News: Navy corpsman, Army medics test field-combat skills
Spc. Robert Adams
CFLCC PAO/11th PAD
Medical personnel took to the field to test their service skills and medical knowledge during a medical rodeo at Camp Arifjan Sept. 17. Five teams made up of Navy hospital corpsmen and Army medics from the 514th Medical Company (Ground Ambulance) and Headquarters and Headquarters Company, 62nd Medical Brigade, worked together to complete four medical-oriented combat lanes and were graded on their performance.
"The focus was to mimic situations that are currently happening in Afghanistan and Iraq," said event leader Navy Lt. Glenn Barnes, Expeditionary Medical Facility-Dallas. "This increases their skill level, confidence and exposure in the combat field environment." Half of EMF-Dallas rotated out of Kuwait four days after the event, and this was the only field training the majority of the participants received during their deployment. "Most corpsmen don't have field experience and perform indoor work, so we wanted to bring them out in the field," said medical rodeo coordinator Navy Lt. Cmdr. Roy Seitz, EMF-Dallas.
"These guys work long hours in the hospital, most working 12-hour days, six days a week â?¦ performing hands-on patient care," said Navy Hospital Corpsman Chief Nelda Hidrago, EMF-Dallas operations chief. The evening prior to the event the teams received an operation order and were briefed on the overall situation, mission requirements and tasks involved. Each group was given an intelligence agent, whose responsibility was to assign missions, guide each team through the mission and serve as the lane safety.
"We are looking to see how observant they are and how they handle themselves in different situations," said Navy Cmdr. Joe Costabile, EMF-Dallas physician, who role-played as an intelligence agent and lane safety. "Most have little field experience, so this reinforces that trainingâ?¦ You never know when you'll get called up to support field units." While executing each lane each team had to perform basic service skills to include performing defensive perimeters, using code words, designating rally points and using different squad formations, fire maneuvers and fire distribution and control measures.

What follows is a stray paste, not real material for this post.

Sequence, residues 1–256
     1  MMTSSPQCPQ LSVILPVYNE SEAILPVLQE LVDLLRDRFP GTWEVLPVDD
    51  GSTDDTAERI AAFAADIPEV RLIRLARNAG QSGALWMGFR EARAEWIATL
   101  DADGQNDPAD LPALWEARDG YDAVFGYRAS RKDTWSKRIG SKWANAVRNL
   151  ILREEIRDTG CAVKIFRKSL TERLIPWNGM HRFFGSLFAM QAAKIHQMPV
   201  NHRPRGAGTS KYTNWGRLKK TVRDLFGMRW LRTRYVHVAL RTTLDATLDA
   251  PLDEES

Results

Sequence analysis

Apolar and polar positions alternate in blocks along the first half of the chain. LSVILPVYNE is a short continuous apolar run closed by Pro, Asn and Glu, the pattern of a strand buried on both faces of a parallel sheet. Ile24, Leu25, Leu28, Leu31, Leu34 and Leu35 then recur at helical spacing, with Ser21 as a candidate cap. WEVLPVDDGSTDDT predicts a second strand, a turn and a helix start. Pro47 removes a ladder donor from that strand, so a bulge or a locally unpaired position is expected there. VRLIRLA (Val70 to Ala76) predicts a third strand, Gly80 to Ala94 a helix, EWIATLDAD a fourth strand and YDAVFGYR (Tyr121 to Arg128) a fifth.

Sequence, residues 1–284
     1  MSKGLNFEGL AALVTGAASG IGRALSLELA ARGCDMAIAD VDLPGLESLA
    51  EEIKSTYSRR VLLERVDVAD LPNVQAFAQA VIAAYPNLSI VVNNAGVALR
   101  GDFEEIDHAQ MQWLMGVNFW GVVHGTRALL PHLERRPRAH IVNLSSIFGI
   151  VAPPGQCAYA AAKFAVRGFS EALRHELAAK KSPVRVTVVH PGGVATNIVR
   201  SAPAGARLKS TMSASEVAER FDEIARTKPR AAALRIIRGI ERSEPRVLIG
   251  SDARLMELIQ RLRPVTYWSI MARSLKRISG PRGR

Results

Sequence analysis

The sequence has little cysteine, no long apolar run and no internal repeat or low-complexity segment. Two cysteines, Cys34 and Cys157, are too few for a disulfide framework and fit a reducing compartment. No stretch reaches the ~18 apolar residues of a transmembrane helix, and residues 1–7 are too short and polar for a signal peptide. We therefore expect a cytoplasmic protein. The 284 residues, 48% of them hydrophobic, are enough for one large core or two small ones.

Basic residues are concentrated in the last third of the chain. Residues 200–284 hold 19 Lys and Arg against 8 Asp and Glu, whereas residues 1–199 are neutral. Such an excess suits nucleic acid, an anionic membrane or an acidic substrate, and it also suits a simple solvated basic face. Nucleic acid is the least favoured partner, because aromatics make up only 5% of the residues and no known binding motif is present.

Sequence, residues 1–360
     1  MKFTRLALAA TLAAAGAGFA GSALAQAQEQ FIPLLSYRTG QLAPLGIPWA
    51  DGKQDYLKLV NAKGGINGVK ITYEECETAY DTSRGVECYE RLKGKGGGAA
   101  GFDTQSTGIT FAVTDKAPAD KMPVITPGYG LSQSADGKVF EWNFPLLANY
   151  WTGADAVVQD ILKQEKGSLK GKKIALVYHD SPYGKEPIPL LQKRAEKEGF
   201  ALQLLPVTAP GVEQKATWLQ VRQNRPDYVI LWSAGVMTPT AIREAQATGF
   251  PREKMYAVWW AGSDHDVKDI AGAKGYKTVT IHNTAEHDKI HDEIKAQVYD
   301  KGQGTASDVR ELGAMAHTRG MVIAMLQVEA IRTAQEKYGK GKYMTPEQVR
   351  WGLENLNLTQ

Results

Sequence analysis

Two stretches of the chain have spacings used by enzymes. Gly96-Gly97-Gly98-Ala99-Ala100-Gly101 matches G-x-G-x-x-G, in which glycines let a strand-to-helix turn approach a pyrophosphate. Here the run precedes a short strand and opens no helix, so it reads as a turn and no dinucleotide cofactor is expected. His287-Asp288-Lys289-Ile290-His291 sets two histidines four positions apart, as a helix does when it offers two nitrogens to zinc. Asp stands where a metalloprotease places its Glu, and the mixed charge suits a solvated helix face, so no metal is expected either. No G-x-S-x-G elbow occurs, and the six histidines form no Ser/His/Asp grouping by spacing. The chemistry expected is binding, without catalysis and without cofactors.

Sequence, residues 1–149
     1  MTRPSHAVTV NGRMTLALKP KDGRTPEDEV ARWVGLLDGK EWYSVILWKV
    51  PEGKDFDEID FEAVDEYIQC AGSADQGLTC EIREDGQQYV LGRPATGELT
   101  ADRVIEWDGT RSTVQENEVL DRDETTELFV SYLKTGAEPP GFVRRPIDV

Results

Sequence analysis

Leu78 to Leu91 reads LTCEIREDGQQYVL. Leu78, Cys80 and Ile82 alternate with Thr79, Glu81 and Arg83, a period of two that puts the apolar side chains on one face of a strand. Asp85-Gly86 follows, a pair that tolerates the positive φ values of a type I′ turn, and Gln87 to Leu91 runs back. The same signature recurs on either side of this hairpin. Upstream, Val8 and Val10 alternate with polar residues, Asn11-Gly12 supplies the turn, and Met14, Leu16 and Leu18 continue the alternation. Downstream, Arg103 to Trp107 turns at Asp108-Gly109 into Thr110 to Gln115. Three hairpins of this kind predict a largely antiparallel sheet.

The teams also had to report enemy items of intelligence, communication equipment, weapons systems, enemy tactics, vehicle markings, live prisoners, enemy numbers and situation reports for all enemy contact. "They will be able to combine everything they learn and walk away with a better feel of doing it â?¦ because right now everyone is an infantryman and has to treat people in combat," said Staff Sgt. Ralph Sepulveda, HHC, Area Support Group-Kuwait troop medical clinic logistics noncommissioned officer. Armed with water balloons and tennis balls, role players played the opposing force which carried out suicide bombings, grenade and sniper attacks to try and disrupt the teams. In addition, screaming casualties were used to make things even more difficult and stressful.
"You never know what situations you will be in and you have to be prepared to adapt and overcome changes," said Spc. Dawn Pavel, HHC, 62nd Medical Bde. combat medic. "We have a great team â?¦ we work together well and take each others advice," he said. One mission was a search and rescue. The teams had to make contact, treat and take mass casualties to a collection point while under the high threat of an enemy contact. "We used good teamwork, saved some patients and completed our mission," said team one leader Navy Hospital Corpsman 2nd Class Edgar Nunez, EMF-Dallas hospital corpsman after the mass-casualty mission.
"We are prepared to treat patients â?¦ but this helps us think about the other stresses and fatigues of being out in the field." Another mission involved a sniper attack, where the team had to suppress fire and perform buddy movements to get around a sniper. Later in the mission they had to don their protective masks during a chemical attack. Teams also had to encounter an obstacle course which included low-crawling, multiple improvised explosive devices, mortar and grenade attacks, barbed wire, trip wires and an injured hostage situation.
The last lane involved teams navigating to specific points in search of a friendly wrecked vehicle with injured Soldiers, while being attacked by enemy targets. "I think we should have had this training a long time ago," said Navy HM2 Lolita Spangler, EMF-Dallas troop medical clinic corpsman. She added, "I know it's not for this area â?¦ but you never know where you are going to be."